Connect with us

Culture

Local artist leads painting workshop

Published

on

On Saturday October 7, Sidi Chen taught a free course on traditional Chinese painting techniques to the public at the Kariton Art Gallery. Chen, who has been in Canada since 2014, is a visual arts student at UFV, and former president of the Visual Arts Student Association (VASA).

Attendees of the class were taught traditional methods of how to use bamboo, ink, rice paper, and fine brushes. The materials used were from China, and though you can find similar materials in Canada, Chen stated that nothing is quite the same. The paper was aged 10 years, and the brushes were very old as well. The workshop provided the chance to try out brushes and techniques, but not extensively. Participants were encouraged to take as much as possible from the demo, especially since Chen stated, “I’ve been doing this for 15 years, and I’m still learning.” Chen took the time to ask people’s names, to give respect to students before beginning. He took this as an opportunity to learn from the people who might contribute to the class.

Chen has been involved in the arts since childhood.

“My training was intense for how old I was. However, the thought of giving up never really happened in my mind. I realized later that arts had become a part of myself. It’s in my breath, heartbeat, temperature, and sleep,” he said.

With such a strong background in art, it was only natural to pursue a career in it.

“I’ve been doing it for 15 years, not only the style, but more importantly, the philosophies.”

Chen broke his presentation down into three different sections: material, technique, and philosophy.

When discussing materials, participants were taught about the integrity of rice paper, and how to properly cut it. One uses a brush and water to make a line, which can be torn, rather than using a knife or scissors. You want to use as much of its natural character as possible. Most of the time, only ink is used, though paints are popular as well. All natural pigments from stones or flowers are used to make the paints and inks. These you must be careful with, as they are very sensitive to the elements.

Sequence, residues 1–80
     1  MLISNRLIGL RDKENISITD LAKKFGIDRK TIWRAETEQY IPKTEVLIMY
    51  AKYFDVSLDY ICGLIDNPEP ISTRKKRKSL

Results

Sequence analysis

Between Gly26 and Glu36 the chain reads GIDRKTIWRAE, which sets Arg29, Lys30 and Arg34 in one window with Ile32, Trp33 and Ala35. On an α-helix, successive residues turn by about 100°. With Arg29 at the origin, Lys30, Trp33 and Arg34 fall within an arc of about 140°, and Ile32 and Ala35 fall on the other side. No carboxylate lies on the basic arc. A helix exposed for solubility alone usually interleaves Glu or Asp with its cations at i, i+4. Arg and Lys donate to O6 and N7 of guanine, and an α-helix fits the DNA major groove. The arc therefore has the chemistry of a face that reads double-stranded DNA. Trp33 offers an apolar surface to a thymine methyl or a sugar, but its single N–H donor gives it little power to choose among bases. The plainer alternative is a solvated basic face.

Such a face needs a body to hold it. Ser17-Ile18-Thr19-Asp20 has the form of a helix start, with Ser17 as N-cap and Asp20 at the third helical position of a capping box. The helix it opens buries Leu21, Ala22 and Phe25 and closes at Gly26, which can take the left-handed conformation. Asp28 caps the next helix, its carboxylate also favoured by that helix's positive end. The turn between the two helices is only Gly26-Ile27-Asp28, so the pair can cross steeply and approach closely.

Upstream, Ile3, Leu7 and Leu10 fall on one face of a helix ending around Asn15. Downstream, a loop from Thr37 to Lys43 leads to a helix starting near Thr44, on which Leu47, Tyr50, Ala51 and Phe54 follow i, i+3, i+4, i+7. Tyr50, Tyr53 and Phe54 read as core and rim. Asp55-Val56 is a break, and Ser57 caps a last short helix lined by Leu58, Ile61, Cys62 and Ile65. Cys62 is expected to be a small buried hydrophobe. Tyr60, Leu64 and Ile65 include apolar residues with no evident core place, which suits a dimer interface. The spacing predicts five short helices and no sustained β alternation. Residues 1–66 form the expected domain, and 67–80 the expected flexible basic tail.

Chen explained how to combine all this knowledge and approach techniques. In a brushstroke, one uses the tip of the brush, then the full body, then the tip again. He demonstrated the desired transition between the paper, water, and ink. The movement is quick, but requires a lot of preplanning and practice. Empty space is used strategically to value what isn’t painted. There should be no parallel lines; too many connections are distracting, and one doesn’t normally use horizontal lines.

Chen created and passed around examples of right and wrong compositions. Another technique he explained is to paint the backside of the thin paper to create a shadow of what you painted on the front. Some people accent their work using gold leaf, or by spraying it with tea. Sometimes, when a piece is finished, an artist paints on a layer of peanut or flower oil to make the colours even more vibrant.

The group began practicing with water on newspaper before working up to ink, and then rice paper. Every attendee was given a blank sheet of the paper to take home.

The demonstration ended with a few words on the philosophy of Chinese painting: “You describe the spirituality and characteristics of something, rather than its exact image.”

He also mentioned, “There [is] a lot of knowledge that is relevant to other types of arts, and way of thinking. So, I hope this workshop will benefit in the ways that they can see.”

Chen currently has work displayed in the Kariton Gallery alongside artist Pepe Hidalgo for the exhibition “Through my Eyes,” a show about different cultural perspectives. Surrounded by his paintings at the presentation, he was able to give explanation and insight to compositional and philosophical elements of his work. He tries to combine Western styles with his tradition, and claims “Sometimes it works, sometimes it doesn’t.”

“As traditional Chinese painting uses very different materials, techniques, and philosophies, I don’t expect people can take all of them from just one workshop. However, because it is so different, I hope people can at least be inspired by one element of it, and take it back to their own practices.”

Continue Reading
Advertisement
Click to comment

Leave a Reply

Your email address will not be published. Required fields are marked *